Risk factorsBy Mayo Clinic staff
Eating foods that can discolor urine, such as berries, beets and rhubarb, or taking certain medications makes it more likely that you'll have harmless changes in the color of your urine. Whether you react or not depends on the amount of food or medication you take, your state of hydration, and your own body chemistry.
Factors that put you at risk of medical conditions that can affect urine color include the following:
- Age. Tumors of the bladder and kidney, which can cause blood in the urine, are more common in older people. Men older than 50 occasionally have urinary blood due to an enlarged prostate gland.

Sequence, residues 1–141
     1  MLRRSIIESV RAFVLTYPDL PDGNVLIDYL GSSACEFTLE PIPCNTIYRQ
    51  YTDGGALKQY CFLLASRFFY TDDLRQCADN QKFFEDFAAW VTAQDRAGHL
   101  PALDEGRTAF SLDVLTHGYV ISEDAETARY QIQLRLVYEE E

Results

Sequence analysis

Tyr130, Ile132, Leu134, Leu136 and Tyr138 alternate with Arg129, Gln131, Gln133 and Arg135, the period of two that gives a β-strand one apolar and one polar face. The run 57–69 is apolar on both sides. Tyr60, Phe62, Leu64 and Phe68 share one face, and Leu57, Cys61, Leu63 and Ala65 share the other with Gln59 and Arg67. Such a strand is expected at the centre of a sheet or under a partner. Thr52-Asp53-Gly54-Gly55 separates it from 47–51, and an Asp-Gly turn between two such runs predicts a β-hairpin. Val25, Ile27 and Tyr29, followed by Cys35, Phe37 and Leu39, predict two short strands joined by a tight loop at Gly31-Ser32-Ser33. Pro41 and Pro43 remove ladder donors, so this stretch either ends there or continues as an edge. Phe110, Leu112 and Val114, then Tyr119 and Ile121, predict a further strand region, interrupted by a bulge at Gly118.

- Your sex. More than half of all women will have a urinary tract infection at some point, often with some urinary bleeding. Men are more likely to have kidney stones or bladder stones.
- Family history. A family history of kidney disease or kidney stones makes it more likely that you'll develop these problems. Both can cause blood in the urine.
- Strenuous exercise. Distance runners are most at risk, but anyone who exercises vigorously can have urinary bleeding.
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